The use of peremptory language serves to emphasise the conclusive role that the prohibition on non-disclosure fulfils in ensuring the effective functioning of r 34.

Effect of disclosure

There is, as far as I am aware, only one reported case dealing explicitly with a contravention of the restriction on disclosure. In Jacobs v Santam Insurance Co Ltd 1974 (3) SA 455 (C) the office of the registrar, in error and in contravention of r 34(9) (the equivalent of the current r 34(10)), included, in the file handed to the trial judge documents containing references to an offer lodged by the defendant. There is no reported case of which I am aware that deals with disclosure by a party or legal representative in contravention of r 34(13). The judgment of Baker J in the Jacobs case contains important findings and guidelines as to the appropriate response where the existence of a tender or offer is prematurely disclosed by the office of the registrar. Those guidelines are of assistance in cases where a party or a legal representative, whether in error or by design, makes such a disclosure in contravention of sub-r (13).

At the outset, two principles emerge. The first is that r 34(10) and (13), though imperative in form (also in the sense that a court cannot grant dispensation in advance from their requirements), are directory (see the Jacobs case at 464G). This is apparent from r 34(13), which clearly contemplates that, despite disclosure, the case may continue before the same judge with the result envisaged by the rule, namely that the successful defendant may be penalised in costs for his revelation to the court that there was a tender or offer (see the Jacobs case at 460E). The second is that the court may, in the exercise of its discretion, allow the case to continue before it if knowledge of the offer cannot reasonably cause any miscarriage of justice. The consideration that must weigh with a court faced with the need to decide whether or not a case shall continue before it, is the question of prejudice to one or more of the parties (see Jacobs at 464H–465A). Prejudice to the parties may also include the delay and extra cost occasioned by the recusal of the judge. (This factor was stressed by Dyson LJ in Garrett v Saxby [2004] EWCA Civ 341; [2004] 1 WLR 2 152 (CA) in paras 20 and 21. Dyson LJ took into consideration the fact that the case was ‘a fast track case’, that the claim was less than £15 000 and ‘justice would have required’ that the judge proceed with the case.)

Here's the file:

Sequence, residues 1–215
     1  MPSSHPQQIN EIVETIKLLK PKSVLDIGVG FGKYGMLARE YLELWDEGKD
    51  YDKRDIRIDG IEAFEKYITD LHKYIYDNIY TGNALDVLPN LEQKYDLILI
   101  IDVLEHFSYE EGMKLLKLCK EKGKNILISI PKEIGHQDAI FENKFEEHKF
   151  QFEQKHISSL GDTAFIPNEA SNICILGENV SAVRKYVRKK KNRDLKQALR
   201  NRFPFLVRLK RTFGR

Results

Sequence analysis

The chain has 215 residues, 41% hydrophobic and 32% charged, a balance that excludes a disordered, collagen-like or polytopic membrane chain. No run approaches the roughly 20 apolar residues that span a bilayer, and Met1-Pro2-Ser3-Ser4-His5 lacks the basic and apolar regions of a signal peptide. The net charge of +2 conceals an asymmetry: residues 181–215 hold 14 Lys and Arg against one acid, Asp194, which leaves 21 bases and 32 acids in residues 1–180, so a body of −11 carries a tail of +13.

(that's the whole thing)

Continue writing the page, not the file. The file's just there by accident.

In the exercise of his discretion, the judge should bear in mind the purpose of the rule and that a disclosure in contravention of the rule may undermine this purpose (see Doyle v Salgo (2) 1958 (1) SA 41 (FC) at 43A, where it was stated that, in the exercise of its discretion, the court must ensure ‘that the rules do not fail in this purpose’ – cited with approval in the Naylor case at para 13).